Businesses and accountants could see workload duplicated, and may be unprepared for assurance on reports
A LEADING BUSINESS CONSORTIUM has warned the introduction of mandatory carbon reporting could increase regulatory burden on businesses and accountants through duplication.
This week, the government announced large listed UK companies will have to publish greenhouse gas emission reports in the next financial year.
However, accountants and business groups are concerned the regulatory burden will add further costs to companies during a time of economic uncertainty.
The Confederation of British Industry has suggested the government remove the Carbon Reduction Commitment (CRC), which was introduced last year, to reduce the chance of duplication.
The CRC requires organisations, that spend more than £500,000 annually on energy bills to pay for and report on energy-related emissions.
Rhian Kelly, CBI director for business environment policy, said: “We have been calling for mandatory carbon reporting for some time. It is an important way to help businesses save money and emissions.
“To avoid unnecessary duplication, the government now needs to scrap the Carbon Reduction Commitment.”
Currently, large companies must report its carbon emissions under the Climate Change Act and the European Emissions Trading scheme, which could also lead to duplication.
However, PwC sustainability partner Alan McGill, who worked on the world’s first environmental profit and loss account for Puma, argued it may not create an increased workload.
“For many companies that are already reporting, this requirement shouldn’t be too much of an extra burden, but the timetable for financial reporting may be a challenge, and there are issues around coherence of reporting and materiality,” he said.
“Companies that aren’t already reporting may worry about the additional regulatory burden. But this isn’t just about reporting. It’s about setting targets and driving efficiency, which should save money, as well as carbon.”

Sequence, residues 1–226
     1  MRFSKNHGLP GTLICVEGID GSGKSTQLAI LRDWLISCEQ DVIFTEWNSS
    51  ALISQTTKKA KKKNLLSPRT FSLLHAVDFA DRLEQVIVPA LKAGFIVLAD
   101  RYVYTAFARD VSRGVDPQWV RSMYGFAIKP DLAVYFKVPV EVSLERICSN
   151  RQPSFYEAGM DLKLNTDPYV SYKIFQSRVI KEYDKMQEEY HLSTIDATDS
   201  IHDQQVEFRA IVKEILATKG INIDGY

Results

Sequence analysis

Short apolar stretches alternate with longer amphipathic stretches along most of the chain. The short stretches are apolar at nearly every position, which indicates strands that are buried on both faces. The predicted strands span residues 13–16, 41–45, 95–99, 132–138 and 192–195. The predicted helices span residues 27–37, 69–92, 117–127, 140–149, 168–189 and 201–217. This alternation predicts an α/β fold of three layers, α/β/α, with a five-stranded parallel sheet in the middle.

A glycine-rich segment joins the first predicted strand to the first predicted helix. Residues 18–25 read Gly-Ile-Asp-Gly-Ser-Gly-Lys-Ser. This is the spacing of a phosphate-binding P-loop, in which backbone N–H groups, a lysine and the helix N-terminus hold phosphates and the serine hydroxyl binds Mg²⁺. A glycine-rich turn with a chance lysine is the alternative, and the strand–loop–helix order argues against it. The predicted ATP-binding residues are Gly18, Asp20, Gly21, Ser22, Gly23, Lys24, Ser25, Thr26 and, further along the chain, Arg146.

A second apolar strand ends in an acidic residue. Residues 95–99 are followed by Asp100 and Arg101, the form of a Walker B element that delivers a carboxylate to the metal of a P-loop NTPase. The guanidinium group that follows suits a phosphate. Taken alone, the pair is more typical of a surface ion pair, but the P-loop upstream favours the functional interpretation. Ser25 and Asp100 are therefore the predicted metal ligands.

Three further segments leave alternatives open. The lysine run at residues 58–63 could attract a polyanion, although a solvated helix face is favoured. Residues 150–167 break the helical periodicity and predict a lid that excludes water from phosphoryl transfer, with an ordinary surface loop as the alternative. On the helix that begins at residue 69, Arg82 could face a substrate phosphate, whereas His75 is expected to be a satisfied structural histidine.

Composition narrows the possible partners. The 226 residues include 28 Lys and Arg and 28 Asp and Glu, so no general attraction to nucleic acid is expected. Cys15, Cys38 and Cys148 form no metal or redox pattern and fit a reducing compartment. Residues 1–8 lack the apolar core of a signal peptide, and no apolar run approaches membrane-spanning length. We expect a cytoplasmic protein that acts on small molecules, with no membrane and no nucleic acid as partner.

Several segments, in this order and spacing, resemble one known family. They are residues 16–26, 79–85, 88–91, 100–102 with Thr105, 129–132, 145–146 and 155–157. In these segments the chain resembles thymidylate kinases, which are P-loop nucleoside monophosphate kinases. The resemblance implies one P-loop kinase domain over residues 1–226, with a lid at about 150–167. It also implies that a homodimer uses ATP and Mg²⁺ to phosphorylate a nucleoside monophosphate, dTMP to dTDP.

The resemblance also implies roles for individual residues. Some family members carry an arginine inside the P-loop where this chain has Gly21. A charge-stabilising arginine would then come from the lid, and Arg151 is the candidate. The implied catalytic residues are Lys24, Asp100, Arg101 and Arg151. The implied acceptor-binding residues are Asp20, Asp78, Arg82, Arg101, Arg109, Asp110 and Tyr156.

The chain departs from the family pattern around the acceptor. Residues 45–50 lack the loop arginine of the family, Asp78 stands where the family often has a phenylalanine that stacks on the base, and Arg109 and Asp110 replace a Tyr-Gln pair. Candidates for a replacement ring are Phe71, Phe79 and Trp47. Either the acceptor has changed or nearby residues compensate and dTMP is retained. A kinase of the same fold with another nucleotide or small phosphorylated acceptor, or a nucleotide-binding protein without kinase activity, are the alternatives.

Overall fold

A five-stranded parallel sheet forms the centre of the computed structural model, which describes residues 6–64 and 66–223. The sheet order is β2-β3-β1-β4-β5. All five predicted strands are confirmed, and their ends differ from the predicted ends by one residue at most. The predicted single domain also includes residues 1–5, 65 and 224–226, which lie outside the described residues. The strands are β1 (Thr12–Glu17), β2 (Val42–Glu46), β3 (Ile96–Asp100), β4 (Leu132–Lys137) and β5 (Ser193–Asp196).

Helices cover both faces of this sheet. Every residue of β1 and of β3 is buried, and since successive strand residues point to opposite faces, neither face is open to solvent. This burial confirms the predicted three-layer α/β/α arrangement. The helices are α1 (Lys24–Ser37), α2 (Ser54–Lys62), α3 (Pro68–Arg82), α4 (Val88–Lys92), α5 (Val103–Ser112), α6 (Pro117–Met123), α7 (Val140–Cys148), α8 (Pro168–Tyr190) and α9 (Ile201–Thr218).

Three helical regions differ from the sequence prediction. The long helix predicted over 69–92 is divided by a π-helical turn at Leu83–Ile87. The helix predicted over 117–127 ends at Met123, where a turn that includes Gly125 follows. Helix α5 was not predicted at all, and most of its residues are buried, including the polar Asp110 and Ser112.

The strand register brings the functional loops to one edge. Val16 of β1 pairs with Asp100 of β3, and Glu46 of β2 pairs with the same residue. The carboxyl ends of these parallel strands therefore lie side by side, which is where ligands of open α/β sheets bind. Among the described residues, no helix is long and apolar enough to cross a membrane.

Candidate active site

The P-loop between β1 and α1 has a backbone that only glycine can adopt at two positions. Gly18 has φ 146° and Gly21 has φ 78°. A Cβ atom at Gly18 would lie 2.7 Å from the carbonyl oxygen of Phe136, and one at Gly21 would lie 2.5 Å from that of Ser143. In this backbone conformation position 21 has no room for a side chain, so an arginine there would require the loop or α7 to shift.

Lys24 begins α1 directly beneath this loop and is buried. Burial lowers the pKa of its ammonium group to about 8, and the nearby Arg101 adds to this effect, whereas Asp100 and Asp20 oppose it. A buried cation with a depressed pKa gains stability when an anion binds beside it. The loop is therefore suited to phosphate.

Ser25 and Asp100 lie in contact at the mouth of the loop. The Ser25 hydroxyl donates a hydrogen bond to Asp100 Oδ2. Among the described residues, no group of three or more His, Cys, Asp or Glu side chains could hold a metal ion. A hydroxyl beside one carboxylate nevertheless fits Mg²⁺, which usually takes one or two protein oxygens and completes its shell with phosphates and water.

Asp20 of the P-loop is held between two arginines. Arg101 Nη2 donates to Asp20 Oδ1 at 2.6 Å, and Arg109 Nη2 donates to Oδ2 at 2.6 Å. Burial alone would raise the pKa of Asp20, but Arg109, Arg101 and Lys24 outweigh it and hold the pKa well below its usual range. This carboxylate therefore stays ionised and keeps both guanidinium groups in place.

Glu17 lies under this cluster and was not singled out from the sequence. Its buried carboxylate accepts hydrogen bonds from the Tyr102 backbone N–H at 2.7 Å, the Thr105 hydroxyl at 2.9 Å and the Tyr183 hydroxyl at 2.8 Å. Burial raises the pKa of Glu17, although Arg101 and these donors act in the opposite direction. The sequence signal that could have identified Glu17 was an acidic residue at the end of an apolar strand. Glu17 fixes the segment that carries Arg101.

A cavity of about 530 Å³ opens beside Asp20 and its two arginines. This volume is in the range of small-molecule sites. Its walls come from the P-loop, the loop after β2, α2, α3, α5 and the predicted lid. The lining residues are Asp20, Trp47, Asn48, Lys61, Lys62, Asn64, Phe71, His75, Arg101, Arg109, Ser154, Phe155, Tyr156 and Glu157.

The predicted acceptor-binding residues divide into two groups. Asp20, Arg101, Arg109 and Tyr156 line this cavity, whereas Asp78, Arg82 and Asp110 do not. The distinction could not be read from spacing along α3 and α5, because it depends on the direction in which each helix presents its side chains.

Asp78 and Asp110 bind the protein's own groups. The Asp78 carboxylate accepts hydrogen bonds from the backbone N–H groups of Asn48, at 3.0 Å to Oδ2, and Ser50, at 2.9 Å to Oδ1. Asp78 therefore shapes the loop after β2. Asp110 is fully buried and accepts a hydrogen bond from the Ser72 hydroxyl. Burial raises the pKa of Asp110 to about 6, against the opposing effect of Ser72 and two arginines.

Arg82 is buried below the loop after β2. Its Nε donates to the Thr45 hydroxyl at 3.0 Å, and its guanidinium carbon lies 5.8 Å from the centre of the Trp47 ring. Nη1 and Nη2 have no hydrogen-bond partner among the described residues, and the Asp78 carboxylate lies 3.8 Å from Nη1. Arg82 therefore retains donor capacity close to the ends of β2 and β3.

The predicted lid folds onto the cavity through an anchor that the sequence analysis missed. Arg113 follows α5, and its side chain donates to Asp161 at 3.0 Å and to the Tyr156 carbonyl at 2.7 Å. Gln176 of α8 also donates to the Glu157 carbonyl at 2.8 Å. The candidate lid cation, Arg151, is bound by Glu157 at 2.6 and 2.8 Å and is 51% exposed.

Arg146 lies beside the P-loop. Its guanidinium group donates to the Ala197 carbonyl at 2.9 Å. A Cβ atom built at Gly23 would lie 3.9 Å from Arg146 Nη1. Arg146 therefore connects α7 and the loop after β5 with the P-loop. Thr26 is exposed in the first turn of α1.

However, McGill warned that “the immediate questions are whether it avoids duplication with other requirements (eg. the Carbon Reduction Commitment) and whether businesses can jump the hurdle in terms of accuracy of reporting against the deadline set for the next financial year”.
Concerns have also been raised that accountants are unprepared to audit or advise on mandatory GHG reporting. Usually, environmental reports are largely focused on carbon emissions. However, GHG takes into account all forms of harmful gases released into the environment.
“With only nine months to go before reporting becomes mandatory, accountancy firms must urgently address how they respond to this new requirement,” said Gary Davis, operations director at environmental accounting developer Ecometrica.
“GHG expertise, both in terms of measurement and audit, is scarce throughout the advisory sector and firms will need to ensure they have the capabilities and expertise to meet the new obligations.
“In deciding their future strategy, at the very least, firms will need a working knowledge of GHG accounting best practice, so they can advise their clients.
“Firms that decide to integrate such services into their current offering must also ensure they put in place Chinese walls between reporting and audit teams.”
Michael Izza, ICAEW chief executive, said he welcomed the decision and suggested the government use the Climate Disclosure Standards Board (CDSB) framework, which links carbon, risk and performance in financial statements, as the way in which companies should report.
The latest announcement is likely to affect about 1,800 companies in the UK.
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